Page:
Louis-Ferdinand Celine is one of the most important writers in French literature. I read his Journey to the End of the Night in my college days and it had a deep impact on me. In fact, whenever I read Celine, I can’t help but compare him with Jean Genet.

Genet was not just the darling of the Left but celebrated by others as well. It is easy to live with political correctness and get rewarded for that. So Genet bagged the “saint” title.

Whereas Celine, due to his anti-Semitic view, was marked as a “national disgrace” and got exiled. Life becomes an agony when you are a detested person. Maybe that is precisely the reason why Celine disliked human contact. He lived with half a dozen dogs.
I adore dogs. However, I do not know why most Indians hate dogs. Interestingly, in Mahabharata, when Pandavas and Draupadi were making their yatra to the Himalayas, they were accompanied by a dog. On their climb towards heaven, one by one, the brothers and Draupadi stumbled to death, unable to bear the exhaustion. Only Yudhisthir and the dog continued their journey. I often envisage Yudhisthir walking in the Himalayas with the dog.

I wonder whether “Saint Bernard” existed in the times of Mahabharata. This is the only breed of dog that is called “saint” and the reason it is revered is that it had accompanied the monks traversing the Alps mountains. The poignant 17th-century paintings of Saint Bernard dogs, who rescued people caught in an avalanche, are heart-rending even today. While Yudhisthir and the dog were sauntering in the Himalayas, Lord Indra arrived in his chariot and said, “Step into the chariot, I shall drop you in heaven.” Yudhisthir agreed but then Indra stopped him and said, “Dogs do not have a place in heaven.” Yudhisthir replied, “In that case, I do not want heaven.” And then the dog disappeared. Dharma had disguised himself as a dog to test Yudhisthir.

Dogs are God’s gift to mankind. In Europe, most houses have pets. People who walk their dogs have a piece of cloth and a small bag in their hands. When the dog poops, they duteously pick it up, put it in the bag and move on.

If born as a dog, it should never be as a street dog in a Asian country because they wander in the streets like orphans and get stoned by kids. They have to bear the spitting of women when they mate happily around the street corner. Isn’t the life of a street dog so impudent? Anyway, when millions of people are living below poverty line, why would anyone be worried about dogs?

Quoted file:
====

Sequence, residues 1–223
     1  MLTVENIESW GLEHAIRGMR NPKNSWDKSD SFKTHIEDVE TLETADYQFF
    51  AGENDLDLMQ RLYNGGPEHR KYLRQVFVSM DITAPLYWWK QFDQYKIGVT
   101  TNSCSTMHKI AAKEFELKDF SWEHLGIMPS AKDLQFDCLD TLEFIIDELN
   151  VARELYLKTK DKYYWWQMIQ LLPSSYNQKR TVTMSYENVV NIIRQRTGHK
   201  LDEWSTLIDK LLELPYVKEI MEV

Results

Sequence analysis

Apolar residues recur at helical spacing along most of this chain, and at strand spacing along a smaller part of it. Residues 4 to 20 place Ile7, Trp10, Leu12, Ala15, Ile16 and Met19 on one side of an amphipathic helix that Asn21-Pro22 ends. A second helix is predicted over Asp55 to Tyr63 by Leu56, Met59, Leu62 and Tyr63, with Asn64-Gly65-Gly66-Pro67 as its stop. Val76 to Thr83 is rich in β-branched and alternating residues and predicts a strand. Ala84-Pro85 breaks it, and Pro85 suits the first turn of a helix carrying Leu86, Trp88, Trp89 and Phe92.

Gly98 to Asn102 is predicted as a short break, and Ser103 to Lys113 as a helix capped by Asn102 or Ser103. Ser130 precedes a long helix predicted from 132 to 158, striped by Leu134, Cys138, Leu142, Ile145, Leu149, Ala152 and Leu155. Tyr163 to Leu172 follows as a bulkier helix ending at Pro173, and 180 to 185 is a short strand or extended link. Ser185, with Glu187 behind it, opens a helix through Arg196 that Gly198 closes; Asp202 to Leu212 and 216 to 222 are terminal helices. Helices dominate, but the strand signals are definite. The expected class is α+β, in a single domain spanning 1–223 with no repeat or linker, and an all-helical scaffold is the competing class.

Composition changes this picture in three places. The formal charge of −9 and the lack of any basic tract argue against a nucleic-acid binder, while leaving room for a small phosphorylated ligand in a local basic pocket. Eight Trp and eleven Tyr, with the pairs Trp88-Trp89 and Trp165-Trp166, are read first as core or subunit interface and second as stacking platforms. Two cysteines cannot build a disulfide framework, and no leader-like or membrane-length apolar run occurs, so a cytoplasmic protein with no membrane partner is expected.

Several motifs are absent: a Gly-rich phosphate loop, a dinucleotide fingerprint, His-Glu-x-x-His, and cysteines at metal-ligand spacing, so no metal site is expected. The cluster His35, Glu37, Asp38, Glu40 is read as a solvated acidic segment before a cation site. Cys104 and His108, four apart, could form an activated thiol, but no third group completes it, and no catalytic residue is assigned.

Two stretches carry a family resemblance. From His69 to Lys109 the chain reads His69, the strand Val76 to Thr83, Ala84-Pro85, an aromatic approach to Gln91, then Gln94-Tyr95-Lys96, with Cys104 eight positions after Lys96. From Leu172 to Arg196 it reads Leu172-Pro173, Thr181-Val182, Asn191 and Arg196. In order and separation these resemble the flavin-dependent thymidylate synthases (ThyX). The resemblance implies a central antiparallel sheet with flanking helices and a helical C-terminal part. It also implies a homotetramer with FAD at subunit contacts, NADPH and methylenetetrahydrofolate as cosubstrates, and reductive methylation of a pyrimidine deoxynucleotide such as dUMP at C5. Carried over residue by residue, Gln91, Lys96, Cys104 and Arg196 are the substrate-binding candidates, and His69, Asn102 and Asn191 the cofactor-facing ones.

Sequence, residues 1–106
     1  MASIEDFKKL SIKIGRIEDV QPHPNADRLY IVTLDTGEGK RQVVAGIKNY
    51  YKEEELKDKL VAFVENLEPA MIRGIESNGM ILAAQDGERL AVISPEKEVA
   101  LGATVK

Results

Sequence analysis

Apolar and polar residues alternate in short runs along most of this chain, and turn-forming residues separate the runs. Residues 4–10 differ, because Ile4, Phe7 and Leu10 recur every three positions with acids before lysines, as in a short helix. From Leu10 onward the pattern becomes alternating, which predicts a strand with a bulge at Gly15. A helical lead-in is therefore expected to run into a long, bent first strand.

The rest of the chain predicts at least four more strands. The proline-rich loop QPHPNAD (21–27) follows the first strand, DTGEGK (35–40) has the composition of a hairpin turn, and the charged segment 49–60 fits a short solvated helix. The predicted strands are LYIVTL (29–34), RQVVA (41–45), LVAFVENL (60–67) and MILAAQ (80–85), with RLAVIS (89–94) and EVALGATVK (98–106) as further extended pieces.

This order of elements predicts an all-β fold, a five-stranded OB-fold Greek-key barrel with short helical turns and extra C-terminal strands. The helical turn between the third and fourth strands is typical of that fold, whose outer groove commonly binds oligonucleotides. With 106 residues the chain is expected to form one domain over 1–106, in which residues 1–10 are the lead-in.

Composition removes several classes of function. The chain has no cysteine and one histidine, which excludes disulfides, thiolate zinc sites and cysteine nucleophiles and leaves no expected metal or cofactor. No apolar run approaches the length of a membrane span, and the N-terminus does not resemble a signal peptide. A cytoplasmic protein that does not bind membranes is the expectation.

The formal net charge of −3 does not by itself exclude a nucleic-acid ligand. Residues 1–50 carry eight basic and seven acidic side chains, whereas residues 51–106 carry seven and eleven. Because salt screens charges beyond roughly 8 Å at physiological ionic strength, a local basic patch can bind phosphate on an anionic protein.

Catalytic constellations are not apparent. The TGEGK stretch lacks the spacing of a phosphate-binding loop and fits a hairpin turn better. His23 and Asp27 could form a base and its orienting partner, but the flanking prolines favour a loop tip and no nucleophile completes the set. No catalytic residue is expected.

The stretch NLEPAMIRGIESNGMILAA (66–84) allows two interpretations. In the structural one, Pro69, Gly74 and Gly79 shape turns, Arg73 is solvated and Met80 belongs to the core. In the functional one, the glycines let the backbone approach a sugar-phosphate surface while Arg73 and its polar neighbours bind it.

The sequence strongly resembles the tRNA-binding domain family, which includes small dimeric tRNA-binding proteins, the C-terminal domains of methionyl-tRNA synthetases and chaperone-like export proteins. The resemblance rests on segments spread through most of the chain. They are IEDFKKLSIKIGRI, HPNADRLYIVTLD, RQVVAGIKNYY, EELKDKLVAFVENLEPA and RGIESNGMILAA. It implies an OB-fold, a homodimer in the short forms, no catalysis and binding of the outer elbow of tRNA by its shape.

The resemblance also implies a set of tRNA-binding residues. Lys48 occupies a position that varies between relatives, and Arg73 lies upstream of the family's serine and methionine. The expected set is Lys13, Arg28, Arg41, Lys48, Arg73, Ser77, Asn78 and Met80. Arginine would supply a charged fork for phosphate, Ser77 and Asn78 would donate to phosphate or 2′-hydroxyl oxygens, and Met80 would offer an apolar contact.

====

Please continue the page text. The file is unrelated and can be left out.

I have two dogs. One is a Labrador (Pappu) and the other is a Great Dane (Zorro). The two follow me like two shadows. While I work on my system, they lie under my legs and when I go to the washroom, they wait for me near the doorstep. Zorro does not spare place even for my wife in bed whereas Pappu forgoes and sleeps under the cot. Like humans, dogs are possessive too. When I come back home, they fight each other to see who is going to cuddle me first.

Apart from my pet dogs, I merrily experience the love of stray dogs as well. One such lovable white mongrel, who liven on our street, dashes towards me and leaps as soon as he sees me, as if we have known each other for ages. I have named him Whitie. Just to repay his warmth, I sometimes treat him to biscuits.

Whitie surprised me one morning. My routine is to walk for an hour on the beach road opposite my house, starting at 5 in the morning. I started walking on that day too, when Whitie, who normally would be asleep under some car at that time, started following me joyfully with his usual jumps. He didn’t stop at the end of the road as was his custom, but continued following me even after I walked past the road.
Every day I cross the Santhome High road and pray for a few minutes in the cathedral where the body of St. Thomas is laid to rest and then continue with my walk. Only three places in the world have cathedrals raised over the tombs of the apostles of Christ: Basilica of St. Peter in Rome, Cathedral of St. James in Spain, and the third is the cathedral of St. Thomas in Mylapore.

The highway was heavy with traffic even at that early hour. Who really notices traffic signals nowadays? We just have to scurry to the other side of the road when there’s a lull in the traffic. But Whitie made me anxious and I didn’t cross the road for fear of Whitie getting hurt by speeding vehicles. I reached the light house in 10 minutes. Now there’s no other go but to cross if I want to take the beach road. I glanced at Whitie. He was looking at me curiously, wagging his tail. I returned home without completing my walk, with Whitie…

Charu Nivedita is a post-modern Tamil writer based in Chennai. His magnum opus, Zero Degree, is
considered one of the best in trangressive fiction.

Published in asianage_logo

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